Aims: To estimate the effect of the introduction of a new smoking cessation medication, varenicline, and the publication of guidance related to its use, on trends in prescribing of smoking cessation medications in England.
Design: Interrupted time series analysis of primary care data on prescribing of smoking cessation medication using autoregressive integrated moving average (ARIMA) modelling.
Setting: A total of 446 general practices included in The Health Improvement Network (THIN), a database of UK electronic primary care records.
Participants: All primary care patients registered with a THIN practice in England.
Measurements: Monthly rates of prescribing of varenicline, nicotine replacement therapy (NRT) and bupropion per 100 000 patients registered with a THIN practice between June 2000 and June 2009.
Findings: NRT was the most commonly prescribed stop smoking medication, and bupropion the least frequently prescribed. After its introduction in December 2006 varenicline rapidly became the second most commonly prescribed drug. There was no statistically significant change in overall prescribing for smoking cessation medications after its introduction (P = 0.760), or after the publication of the related guidance in July 2007 (P = 0.134).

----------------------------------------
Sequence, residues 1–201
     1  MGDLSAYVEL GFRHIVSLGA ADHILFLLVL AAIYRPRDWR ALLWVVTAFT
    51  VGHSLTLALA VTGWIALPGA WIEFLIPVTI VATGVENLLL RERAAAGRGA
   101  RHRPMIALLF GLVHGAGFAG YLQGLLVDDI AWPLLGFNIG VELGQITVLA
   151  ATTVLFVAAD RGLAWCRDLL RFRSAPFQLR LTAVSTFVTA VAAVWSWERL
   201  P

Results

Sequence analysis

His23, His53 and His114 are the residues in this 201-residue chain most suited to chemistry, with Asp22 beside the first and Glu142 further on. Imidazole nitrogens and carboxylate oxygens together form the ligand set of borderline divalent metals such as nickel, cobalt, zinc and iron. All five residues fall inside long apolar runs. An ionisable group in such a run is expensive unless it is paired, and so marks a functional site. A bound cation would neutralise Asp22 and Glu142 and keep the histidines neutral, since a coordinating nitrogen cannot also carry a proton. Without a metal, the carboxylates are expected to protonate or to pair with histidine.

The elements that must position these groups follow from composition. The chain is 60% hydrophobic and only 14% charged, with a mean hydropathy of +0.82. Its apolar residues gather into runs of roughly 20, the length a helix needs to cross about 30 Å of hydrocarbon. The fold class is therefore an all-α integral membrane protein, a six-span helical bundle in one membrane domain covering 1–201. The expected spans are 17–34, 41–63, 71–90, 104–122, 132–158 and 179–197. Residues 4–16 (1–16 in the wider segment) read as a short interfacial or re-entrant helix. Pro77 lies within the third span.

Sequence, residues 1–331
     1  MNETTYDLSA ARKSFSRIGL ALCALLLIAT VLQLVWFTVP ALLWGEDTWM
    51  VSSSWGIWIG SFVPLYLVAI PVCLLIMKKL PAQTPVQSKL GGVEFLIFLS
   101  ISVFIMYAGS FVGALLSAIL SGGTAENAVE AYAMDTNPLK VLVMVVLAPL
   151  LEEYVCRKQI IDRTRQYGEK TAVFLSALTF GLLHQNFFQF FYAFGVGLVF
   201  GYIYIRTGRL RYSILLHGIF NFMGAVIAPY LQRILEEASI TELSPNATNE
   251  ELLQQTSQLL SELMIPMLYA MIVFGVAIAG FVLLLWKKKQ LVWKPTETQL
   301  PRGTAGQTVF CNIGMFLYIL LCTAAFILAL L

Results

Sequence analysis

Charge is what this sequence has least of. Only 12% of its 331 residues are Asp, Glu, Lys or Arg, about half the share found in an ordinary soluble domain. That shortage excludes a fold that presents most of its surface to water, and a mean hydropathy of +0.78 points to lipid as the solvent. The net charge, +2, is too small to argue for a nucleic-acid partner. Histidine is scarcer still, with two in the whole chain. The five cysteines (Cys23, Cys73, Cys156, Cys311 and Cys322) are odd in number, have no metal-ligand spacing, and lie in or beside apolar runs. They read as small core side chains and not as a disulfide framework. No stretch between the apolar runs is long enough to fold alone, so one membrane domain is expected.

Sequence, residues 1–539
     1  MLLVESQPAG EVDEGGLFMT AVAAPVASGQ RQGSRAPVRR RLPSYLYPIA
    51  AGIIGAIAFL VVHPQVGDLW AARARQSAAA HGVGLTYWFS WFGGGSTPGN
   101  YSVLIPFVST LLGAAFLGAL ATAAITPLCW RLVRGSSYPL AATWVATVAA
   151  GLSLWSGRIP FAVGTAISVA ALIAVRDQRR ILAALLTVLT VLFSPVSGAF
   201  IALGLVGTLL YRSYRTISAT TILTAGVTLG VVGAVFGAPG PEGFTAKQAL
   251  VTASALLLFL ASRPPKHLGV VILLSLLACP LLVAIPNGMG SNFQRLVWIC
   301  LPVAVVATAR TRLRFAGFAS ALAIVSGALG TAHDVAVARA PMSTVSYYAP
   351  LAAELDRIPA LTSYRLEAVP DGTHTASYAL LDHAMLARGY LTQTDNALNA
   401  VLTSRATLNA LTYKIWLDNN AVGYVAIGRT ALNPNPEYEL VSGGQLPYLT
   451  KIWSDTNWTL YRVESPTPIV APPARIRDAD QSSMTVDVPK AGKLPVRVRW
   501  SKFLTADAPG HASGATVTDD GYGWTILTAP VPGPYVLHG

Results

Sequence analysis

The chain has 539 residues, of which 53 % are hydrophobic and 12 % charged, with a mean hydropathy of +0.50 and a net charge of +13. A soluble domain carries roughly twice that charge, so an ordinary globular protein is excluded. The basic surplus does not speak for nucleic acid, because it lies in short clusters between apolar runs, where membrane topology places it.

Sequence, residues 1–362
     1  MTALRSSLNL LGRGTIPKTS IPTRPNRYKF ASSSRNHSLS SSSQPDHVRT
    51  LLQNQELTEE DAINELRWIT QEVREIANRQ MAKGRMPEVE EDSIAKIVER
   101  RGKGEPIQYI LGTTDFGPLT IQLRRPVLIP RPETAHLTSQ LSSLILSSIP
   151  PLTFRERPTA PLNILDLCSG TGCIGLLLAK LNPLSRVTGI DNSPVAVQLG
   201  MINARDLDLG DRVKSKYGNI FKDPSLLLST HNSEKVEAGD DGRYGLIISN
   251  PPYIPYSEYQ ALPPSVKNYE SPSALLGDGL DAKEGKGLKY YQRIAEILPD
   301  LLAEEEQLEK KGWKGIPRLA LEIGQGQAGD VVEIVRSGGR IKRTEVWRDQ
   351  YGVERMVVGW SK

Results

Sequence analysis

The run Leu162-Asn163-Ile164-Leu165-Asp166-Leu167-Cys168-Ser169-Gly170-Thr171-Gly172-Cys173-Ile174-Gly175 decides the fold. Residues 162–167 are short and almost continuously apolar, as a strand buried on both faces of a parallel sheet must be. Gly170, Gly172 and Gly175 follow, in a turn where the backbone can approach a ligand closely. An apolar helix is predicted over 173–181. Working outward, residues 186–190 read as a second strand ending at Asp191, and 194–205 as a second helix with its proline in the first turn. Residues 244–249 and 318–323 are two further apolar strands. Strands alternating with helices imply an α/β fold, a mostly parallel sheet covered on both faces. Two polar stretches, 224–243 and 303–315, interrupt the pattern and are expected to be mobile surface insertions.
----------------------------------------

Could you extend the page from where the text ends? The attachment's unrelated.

Conclusions: Soon after being introduced in England, varenicline was widely prescribed; after nicotine replacement therapy it was the most commonly prescribed cessation medication. However, this does not appear to have increased overall rates of prescribing for smoking cessation medication.
© 2011 The Authors, Addiction © 2011 Society for the Study of Addiction.